Hey, there, from north Texas! I’m thrilled to be blogging with you today and hope you enjoy it as much as I plan to!
Although I’m a recent transplant to Texas from Alabama, I’m no stranger to this great state. We’ve lived in Texas several times over the years, three times in El Paso, once in San Angelo, Austin, Frisco and now the northeast. My husband’s family settled in southeastern Texas shortly before the Civil War and one of his great-uncles, among a company of volunteers from Georgia, was shot down after surrendering at Goliad.
Too much detail? My husband often tells me, “Quit researching and get to writing!” Not that it stops me. That’s what I love most about writing historical romance—the research. And in Texas, where “Everything is Bigger!”, there’s plenty of history to be discovered. I love to visit the sites of the actual events I write about. Big events, especially the tragic ones, leave unmistakable energy at the site. While writing Time’s Captive, I visited the Palo Duro Canyon. I’d read that on the day General Mackenzie fired on the Comanche’s camp, he ordered his troops to round up the Comanche’s horses, then shoot and burn them. Fourteen-hundred horses burned that afternoon while the Comanche women keened and wailed. The men were too busy fighting at the time, but they mourned the loss soon enough. Without their horses, the Comanche—often called the Lords of the Plains—were lost, destroyed.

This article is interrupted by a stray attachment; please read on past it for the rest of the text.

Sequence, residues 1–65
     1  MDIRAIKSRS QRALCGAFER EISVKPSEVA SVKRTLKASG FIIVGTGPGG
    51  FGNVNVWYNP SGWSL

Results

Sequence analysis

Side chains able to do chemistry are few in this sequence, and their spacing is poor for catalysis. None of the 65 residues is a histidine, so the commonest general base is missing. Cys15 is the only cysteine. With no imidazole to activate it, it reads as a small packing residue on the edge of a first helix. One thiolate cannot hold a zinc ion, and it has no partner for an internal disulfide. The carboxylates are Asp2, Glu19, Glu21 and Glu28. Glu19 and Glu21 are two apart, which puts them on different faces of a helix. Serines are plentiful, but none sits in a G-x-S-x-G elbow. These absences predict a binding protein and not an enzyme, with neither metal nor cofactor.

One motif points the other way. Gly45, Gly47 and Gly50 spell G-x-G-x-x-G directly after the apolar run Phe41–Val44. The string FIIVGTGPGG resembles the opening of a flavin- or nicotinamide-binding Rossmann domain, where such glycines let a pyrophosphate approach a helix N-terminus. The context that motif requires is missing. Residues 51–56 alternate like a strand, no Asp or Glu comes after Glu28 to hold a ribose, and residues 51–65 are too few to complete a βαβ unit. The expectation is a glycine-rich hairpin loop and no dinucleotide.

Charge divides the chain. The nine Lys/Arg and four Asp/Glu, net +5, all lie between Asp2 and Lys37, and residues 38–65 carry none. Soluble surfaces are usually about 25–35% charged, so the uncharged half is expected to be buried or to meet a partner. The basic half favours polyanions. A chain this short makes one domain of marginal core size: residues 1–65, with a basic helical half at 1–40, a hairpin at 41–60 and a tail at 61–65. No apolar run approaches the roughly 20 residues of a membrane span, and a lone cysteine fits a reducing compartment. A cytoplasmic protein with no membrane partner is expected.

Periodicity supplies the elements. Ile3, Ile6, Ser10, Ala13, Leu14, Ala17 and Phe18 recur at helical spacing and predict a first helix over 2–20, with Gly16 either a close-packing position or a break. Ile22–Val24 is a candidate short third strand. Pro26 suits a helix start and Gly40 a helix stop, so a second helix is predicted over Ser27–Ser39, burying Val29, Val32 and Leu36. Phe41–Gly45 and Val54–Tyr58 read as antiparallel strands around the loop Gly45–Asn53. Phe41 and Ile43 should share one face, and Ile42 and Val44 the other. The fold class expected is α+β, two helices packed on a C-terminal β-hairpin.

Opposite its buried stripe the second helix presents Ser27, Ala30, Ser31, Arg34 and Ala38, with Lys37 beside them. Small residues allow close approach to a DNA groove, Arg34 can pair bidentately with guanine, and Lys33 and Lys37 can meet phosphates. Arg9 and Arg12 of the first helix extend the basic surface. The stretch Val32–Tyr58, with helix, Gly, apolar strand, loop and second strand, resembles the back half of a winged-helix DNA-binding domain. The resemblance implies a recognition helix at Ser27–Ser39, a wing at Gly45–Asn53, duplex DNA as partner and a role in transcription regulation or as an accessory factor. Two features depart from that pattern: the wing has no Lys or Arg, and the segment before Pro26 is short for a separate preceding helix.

The day I visited, I stumbled around, looking for the place where the horses were burned, wandering through a thick copse of scraggly trees. The ground beneath my feet had an odd feel, like sand, only coarser. Finally, I came to an historical marker, where I learned that I’d been wandering around on the actual site of the burning. Such a rush of emotion swept over me as I read that I almost fell to my knees, residual emotion from the site’s energy. It was as if the Comanche’s sorrow hit me all at once, and the view of the sparse vegetation so paralleled the Comanche’s’ lives that I understood more than a book could ever have told me. At day’s end, I found it hard to leave.
Not all my discoveries are tragic. For instance, Lockhart, the actual town near which I set the fictitious town of Cedar Springs in Destiny’s Captive, holds a watermelon festival each year, complete with seed-spitting contests, eat-offs, cook-offs, you name it. As a result, watermelons had to figure among the activities in the book. (I’d wanted to include a “festival,” but the hero and heroine had other plans for this plot.) Lockhart originally boasted a large complement of German immigrants and the town is famous for its long-lived barbeque establishment: Kreuz’ (pronounced Kr?tzes). (Absolutely incredible barbecue in a simple setting, true to its German roots.) I considered having the hero and heroine meet over barbecue, but Kreitz’s hadn’t been established yet.